2022 in Review: One Glenwood city manager’s legacy ends, and the long search for a worthy replacement | PostIndependent.com

2022 in Review: One Glenwood city manager’s legacy ends, and the long search for a worthy replacement

City of Glenwood Springs City Manager Debra Figueroa speaks to members of the community and other officials during a ribbon cutting ceremony for the completion of the South Midland Project.
Chelsea Self/Post Independent

The prior Glenwood Springs city manager served the city for more than six years, leaving a strong legacy and some pretty big shoes to fill.

Debra Figueroa began her service to the city in 2016 and resigned over the summer in June of 2022.  

Figueroa led the city through the replacement of the 27th Street Bridge, reconstruction of South Midland Avenue, redevelopment of the Seventh Street plaza area following completion of the new Grand Avenue Bridge, construction of the West Midland Trail, enhancement of the shorelines at Two Rivers and Veltus parks, completion of the Eighth Street Connection, transition to 100% renewable electric energy and water infrastructure improvements following the Grizzly Creek Fire and subsequent debris flows.

Leaving the public position, she stuck with grant writing which city leaders lauded as one of her strongest skills as the city manager. She started working for Sustainable Strategies DC, a grant writing and advocacy firm based in Washington, D.C., but with offices in Colorado. 

Since Figueroa’s departure, Glenwood Springs City Council has conducted two searches for her replacement. 

The first search included one of Figueroa’s understudies, former Glenwood Springs assistant city manager and community and economic development director Jen Ooton, who had worked for the city since 2016. Ooton won an award as Assistant City Manager of the year in 2020.  

“Her work on initiatives like our community listening sessions, shop local campaign, and United to Stop the Spread helped our community push through this difficult year and build resiliency for our future. It was my honor to nominate her for this award,” Figueroa said in prior reporting in 2020. “Ooton was recognized for her exceptional public leadership in Glenwood Springs.”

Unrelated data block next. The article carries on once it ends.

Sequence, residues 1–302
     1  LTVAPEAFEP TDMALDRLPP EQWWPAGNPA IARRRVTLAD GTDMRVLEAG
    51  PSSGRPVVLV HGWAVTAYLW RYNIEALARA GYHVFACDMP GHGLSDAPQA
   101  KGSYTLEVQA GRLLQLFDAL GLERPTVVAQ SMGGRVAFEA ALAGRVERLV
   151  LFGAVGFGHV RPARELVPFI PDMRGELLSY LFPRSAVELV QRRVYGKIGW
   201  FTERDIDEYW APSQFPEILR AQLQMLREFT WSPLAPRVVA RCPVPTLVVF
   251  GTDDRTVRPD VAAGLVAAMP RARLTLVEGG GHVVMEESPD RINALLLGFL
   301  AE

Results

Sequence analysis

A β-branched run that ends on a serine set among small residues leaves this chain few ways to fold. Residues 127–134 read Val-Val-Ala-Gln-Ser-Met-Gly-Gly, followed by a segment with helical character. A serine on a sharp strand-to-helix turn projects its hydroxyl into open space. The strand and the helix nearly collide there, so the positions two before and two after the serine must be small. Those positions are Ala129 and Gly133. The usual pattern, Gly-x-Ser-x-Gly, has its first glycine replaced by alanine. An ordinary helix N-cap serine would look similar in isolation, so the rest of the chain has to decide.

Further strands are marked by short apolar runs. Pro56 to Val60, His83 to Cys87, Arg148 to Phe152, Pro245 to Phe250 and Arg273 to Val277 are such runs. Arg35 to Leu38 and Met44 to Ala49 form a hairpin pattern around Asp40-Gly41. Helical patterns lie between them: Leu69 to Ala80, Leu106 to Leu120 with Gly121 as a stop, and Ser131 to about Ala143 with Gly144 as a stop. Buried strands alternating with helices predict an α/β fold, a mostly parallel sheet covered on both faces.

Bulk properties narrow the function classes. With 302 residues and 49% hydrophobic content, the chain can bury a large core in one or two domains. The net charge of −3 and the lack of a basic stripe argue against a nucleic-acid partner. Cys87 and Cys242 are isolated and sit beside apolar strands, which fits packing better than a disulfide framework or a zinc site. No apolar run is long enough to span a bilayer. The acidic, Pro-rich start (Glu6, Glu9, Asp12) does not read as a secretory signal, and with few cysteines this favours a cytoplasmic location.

The initial city manager search this year narrowed down to three finalists, including Ooton. All had extensive experience working as or with a city manager, along with experience in grant writing to continue the road to infrastructural success paved by Figueroa. 

All three finalists were rejected for the position with council’s hope of finding a candidate who would make a better fit for the city. 

“I’ll speak on behalf of the majority of council that finding that right fit and a candidate who could fill that seat is the most important thing right now,” Mayor Jonathan Godes said in a council meeting on Sept. 21. “We’re disappointed that we didn’t find anybody through this first round. We’re hopeful that the second round will produce somebody.”

Not all of council voted to continue the search, with Councilor Tony Hershey motioning to pick a new city manager from the first group of finalists.

After not being chosen for city manager in Glenwood Springs, Ooton left and headed upvalley to Aspen, now working as the senior project manager for the city of Aspen. 

With the second round search still in process, the city narrowed down the candidates to three new finalists right before the holiday season.  

Although not all of the candidates have as extensive experience working as or with city managers, they all have different levels of management experience for running large-scale operations. Each has worked in some capacity as a manager or CEO, delegating employees and budget spending.

They are: 

  • Doug Gerber from Silver Lake, Kansas, who has an entire career working as and with city managers throughout the state of Kansas.
  • Beverli Marshall from La Quinta, California, who has served as a CEO in the wastewater and sanitary district in multiple cities in California. 
  • Rachel Oys from Eagle, who has worked as the interim manager for Eagle County and is currently working as a manager for the Cordillera Metro District and the Cordillera Property Owners Association. 

In the new year, the second batch of finalists are scheduled to come to Glenwood Springs so residents and council can meet them and get to know them more personally. A public meet-and-greet is slated for 6-7:30 p.m. on Jan. 5 at the Glenwood Springs Community Center. Council plans to appoint a new city manager by the end of January.

Post Independent reporter Cassandra Ballard can be reached at cballard@postindependent.com or 970-384-9131.

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